Source B9 is clear in doing this, Josh Brooman comes to the conclusion that Dunkirk was ‘a great defeat’ by focussing on the ’70,000’ men that were killed wounded or taken prisoner, the abandonment of ‘150,000’ French allies and the number of rifles and vehicles left behind. Source B9 also tells us that behind closed doors even Winston Churchill called Dunkirk ‘the greatest military defeat for many centuries’. As Prime Minister, Winston Churchill knew this information would have damaged the morale of the British people, which he didn’t want to do during a war. Although Source B9 fails to tell us how may soldiers were successfully evacuated from Dunkirk, and could be seen as one-sided, I don’t think this takes away from the reliability as it was written by a school history textbook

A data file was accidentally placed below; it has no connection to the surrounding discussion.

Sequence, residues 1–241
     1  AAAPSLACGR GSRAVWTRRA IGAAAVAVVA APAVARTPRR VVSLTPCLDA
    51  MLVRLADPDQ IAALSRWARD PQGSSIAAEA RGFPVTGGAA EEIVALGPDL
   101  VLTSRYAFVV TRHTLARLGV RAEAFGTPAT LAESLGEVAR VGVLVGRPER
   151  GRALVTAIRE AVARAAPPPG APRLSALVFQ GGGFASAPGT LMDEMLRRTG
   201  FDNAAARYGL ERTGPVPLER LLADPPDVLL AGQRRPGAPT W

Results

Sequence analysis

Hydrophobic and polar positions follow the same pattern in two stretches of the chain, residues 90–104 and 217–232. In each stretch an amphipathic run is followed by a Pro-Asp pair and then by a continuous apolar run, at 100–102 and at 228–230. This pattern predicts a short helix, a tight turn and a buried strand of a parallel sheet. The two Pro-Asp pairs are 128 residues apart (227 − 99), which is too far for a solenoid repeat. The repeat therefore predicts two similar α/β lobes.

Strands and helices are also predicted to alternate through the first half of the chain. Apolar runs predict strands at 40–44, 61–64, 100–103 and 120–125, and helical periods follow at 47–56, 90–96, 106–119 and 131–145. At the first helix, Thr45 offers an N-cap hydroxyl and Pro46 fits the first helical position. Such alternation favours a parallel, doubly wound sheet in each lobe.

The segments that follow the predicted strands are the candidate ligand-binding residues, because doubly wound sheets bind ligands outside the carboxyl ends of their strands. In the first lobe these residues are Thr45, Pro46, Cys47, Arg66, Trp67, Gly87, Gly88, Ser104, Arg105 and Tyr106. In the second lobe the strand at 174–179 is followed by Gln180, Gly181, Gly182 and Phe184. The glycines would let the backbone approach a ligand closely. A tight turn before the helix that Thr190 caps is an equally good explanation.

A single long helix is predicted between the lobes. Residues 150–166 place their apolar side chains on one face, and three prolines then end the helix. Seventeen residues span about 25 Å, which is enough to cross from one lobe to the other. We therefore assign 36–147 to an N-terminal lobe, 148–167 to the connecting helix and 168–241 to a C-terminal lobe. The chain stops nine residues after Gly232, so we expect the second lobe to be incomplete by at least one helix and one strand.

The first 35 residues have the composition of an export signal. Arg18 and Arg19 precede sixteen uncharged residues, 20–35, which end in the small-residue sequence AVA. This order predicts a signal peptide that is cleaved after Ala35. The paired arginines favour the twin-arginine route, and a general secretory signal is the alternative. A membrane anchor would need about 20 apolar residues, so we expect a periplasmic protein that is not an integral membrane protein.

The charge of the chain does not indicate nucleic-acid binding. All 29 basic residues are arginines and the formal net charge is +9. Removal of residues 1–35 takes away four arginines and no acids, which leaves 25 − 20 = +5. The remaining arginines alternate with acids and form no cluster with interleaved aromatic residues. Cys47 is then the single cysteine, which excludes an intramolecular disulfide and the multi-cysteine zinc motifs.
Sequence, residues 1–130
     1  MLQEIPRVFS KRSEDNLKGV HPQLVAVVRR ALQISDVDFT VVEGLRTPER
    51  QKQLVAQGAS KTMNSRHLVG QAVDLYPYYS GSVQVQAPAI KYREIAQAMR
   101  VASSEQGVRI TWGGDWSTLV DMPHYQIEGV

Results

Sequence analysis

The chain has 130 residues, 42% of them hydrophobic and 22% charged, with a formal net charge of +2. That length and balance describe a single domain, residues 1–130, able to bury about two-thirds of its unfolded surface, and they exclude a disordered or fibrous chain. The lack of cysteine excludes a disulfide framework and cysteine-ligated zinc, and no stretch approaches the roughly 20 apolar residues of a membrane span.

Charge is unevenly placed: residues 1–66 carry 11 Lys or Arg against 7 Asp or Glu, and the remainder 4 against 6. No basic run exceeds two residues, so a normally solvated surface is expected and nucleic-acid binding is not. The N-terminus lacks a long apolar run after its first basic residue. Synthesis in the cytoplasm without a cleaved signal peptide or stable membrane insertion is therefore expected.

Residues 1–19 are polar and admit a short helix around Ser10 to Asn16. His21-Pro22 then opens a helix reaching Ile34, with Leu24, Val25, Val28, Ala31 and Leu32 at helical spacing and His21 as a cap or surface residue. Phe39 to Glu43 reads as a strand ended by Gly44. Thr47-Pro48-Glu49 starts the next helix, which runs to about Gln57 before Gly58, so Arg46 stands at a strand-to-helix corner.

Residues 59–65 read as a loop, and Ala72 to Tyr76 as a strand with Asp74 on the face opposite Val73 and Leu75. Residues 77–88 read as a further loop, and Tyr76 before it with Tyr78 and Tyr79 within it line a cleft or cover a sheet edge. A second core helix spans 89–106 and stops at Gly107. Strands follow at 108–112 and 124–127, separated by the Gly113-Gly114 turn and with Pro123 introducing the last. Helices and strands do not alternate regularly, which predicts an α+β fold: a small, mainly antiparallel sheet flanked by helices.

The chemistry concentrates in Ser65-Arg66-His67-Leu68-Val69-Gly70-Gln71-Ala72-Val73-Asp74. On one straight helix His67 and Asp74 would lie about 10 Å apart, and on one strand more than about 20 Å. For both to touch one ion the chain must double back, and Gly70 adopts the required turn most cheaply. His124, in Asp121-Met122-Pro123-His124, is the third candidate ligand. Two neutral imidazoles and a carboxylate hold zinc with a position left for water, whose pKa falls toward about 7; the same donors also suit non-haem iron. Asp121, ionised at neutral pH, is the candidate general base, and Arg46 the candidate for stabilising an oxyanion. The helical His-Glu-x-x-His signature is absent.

Paradoxes of the Vietnam War that affected America “But the hospital had changed all that…Now I wanted to know what I had lost my legs for, why I and the others had gone at all.”(Born on the Fourth of July, ) Vietnam soldiers return home and realize they have missed out on a lot. Soldiers are left physically and mentally scarred and no legit reasons as to why. The Vietnam War resulted in serious contradictions that changed America as a nation. The American people were split over whether the war was right or wrong. There was the anti-war and pro-war Americans fighting about patriotism and if the government was right or wrong.
Then the rioters turned their murderous wrath against the black community (Bernstein 3). By the end of the riots on July 16-17 1863, at least 105 people were killed (Bernstein 259). This is one example of how American citizens acted toward the draft and their retaliation against it. When a national tragedy strikes, the number of citizens volunteering for military service seems to go up. This was the case after both Pearl Harbor and Sept. 11 (Rich and Gerson 1).